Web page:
Flashback: First Weeden Sighting

John Helsley

Publisher's Note: I should have done this way before,but most of our readers will notice that during the COVID-19 pandemic that longtime Oklahoma State beat writer for The Oklahoman and now faculty member at Oklahoma State and chief advisor to The O'Colly John Helsley has been handling our historical features. He was there, so he knows what happened, why, and how, I truly appreciate having John on our team and it gives me a partner on The Old Guys podcasts. 

Before one eye-opening night behind center – November 19, 2009 – little was known about Brandon Weeden or his potential to ever really make an impact for the Cowboys.

Third-team quarterback. Big arm, but supposedly lacking full commitment at the time, according to Mike Gundy. Solid history as a prep quarterback at Edmond Santa Fe, although not considered an elite prospect by any means; although he was all that in baseball, which is how he spent five post-high school years chasing a diamond dream in the minor leagues with the Yankees, Dodgers and Royals.

Eventually, Weeden made his way back to football, which is how he landed at OSU in 2007… as a walk-on. He toiled on the scout team and as a reserve before breaking out in a big way in 2010, then guiding the Cowboys within a whisker of the national title game in 2011.

But first, Weeden’s career shifted on that crisp fall evening in 2009, a Thursday night special when the Cowboys wore all-black uniforms (which didn’t look all that great, to be honest) for the first time since 1994, against a scuffling Colorado squad.

Even then, he needed help making an entrance.

Zac Robinson, the team’s ultra-successful starter, missed the game with an injury. Still, Weeden didn’t get the call, not until former prized recruit Alex Cate bombed in his first career start, going 0-for-9 with an interception (and two more near-picks) through the first two quarters.

“At halftime, we felt like we needed a spark,” Gundy said following the game.

Did they ever. The Buffs led 14-10 at the half, with OSU’s touchdown coming on an early Perrish Cox punt return for a score. And it would be 21-10 before Weeden – and the Cowboys – finally got untracked, rerouting what would have been a disastrous loss to a Colorado team that left Stillwater 3-8.

Keith Toston broke free for a 45-yard touchdown run, putting some life into the OSU offense. Then Weeden settled in, hitting Toston for a 47-yard scoring pass, then connecting with Justin Blackmon on a 28-yard score for the game-winner with 8:11 left. Before scrambling under pressure right and finding Blackmon in the end zone, Weeden had thrown strikes twice on third-and-long to keep the drive moving.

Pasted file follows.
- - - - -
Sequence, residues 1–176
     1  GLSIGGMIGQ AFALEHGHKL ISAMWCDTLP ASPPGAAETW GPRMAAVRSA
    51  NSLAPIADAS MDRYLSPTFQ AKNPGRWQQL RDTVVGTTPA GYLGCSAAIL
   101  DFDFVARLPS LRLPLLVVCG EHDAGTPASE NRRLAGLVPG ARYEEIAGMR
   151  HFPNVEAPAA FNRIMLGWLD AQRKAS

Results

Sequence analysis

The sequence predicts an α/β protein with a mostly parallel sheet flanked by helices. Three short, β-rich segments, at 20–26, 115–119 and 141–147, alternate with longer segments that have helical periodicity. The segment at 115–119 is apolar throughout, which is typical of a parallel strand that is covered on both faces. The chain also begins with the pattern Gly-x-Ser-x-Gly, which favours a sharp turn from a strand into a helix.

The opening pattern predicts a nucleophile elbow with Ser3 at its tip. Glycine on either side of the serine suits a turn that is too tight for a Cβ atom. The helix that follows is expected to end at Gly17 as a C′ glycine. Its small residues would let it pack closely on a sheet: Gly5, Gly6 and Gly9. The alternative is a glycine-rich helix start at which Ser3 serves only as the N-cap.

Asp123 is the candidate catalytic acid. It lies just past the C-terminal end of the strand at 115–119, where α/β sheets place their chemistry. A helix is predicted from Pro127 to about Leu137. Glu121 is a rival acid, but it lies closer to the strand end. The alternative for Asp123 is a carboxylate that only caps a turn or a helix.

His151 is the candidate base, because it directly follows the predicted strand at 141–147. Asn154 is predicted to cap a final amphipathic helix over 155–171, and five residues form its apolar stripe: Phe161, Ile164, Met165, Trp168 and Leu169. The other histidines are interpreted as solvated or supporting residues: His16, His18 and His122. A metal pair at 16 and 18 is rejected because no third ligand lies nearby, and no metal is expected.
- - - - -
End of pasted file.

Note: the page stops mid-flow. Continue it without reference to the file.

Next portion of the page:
The defense did the rest, and finished with five sacks overall.

Weeden finished 10 of 15 for 168 yards, after not appearing in a game since Week 2 against Grambling State.

Looking poised and like he belonged, Weeden pushed the No. 12 Cowboys to 9-2, keeping them in the Big 12 title hunt. And he put himself firmly on the map for 2010, when he would take over for the graduated Robinson.

“Life-changing,” is how Weeden described his Colorado performance to Tulsa World columnist Bill Haisten just last year.

Who knows what would have happened if Robinson hadn’t gotten hurt? Or if Cate had played even OK, going back out to start the second half?

At the time, Gundy portrayed Weeden as a guy who seemed to be waiting for the time to be right – after Robinson’s era ended – rather than being a guy who wanted to prove he was next in line.

And Weeden, in talks that carried into the next season, didn’t disagree.

One Thursday night changed all that.

“He did play well,” Gundy said in the postgame press conference. “Surprised may be the right word. He’s shown signs of that, but he just hasn't been out there enough. The last time he was out there was against Grambling, and the game was somewhat put away.

“You're not really sure how a young man is going to react. He performed pretty well tonight. He ran around and made a couple plays when protection broke down. Obviously, he gave us a chance to win the game.”

And win it they did. And kept winning, too.

The next two years, with Weeden firmly in control, the Cowboys went 23-3, posting first an 11-win season, then a 12-1 mark in 2011, after the program hadn’t won as many as 10 games in a season since 1988.

Colorado 2009 had all the makings of a forgettable game. Instead, Brandon Weeden made it memorable, setting up even greater memories ahead during a career that changed the course of OSU’s offense, prompting the hiring of Dana Holgorsen as offensive coordinator, and then Todd Monken to further feature the passing game.

“I had been there for a few years, hadn’t played very much but just kind of excited for that opportunity and just kind of wanted to make the most of it,” Weeden said in a later interview. “No one obviously knew who I was, guys were probably looking at me like, ‘God, we’re in trouble.’

“I wanted to make those guys confident and confident in me and I tell people this, I’m very serious when I say it: That night changed my life forever. Gave me the opportunities obviously for the following year to become a starter and kind of do the things we did. That was a big turning point for me as a player.”

That night changed a lot of lives; those of Cowboys teammates, coaches, fans and more, as the Cowboys would win their first Big 12 championship and first league title of any kind in decades under Weeden in 2011.

Changed the media, too, providing an intelligent and engaging voice to stories that in turn offered excellent perspective and insight to readers and viewers.

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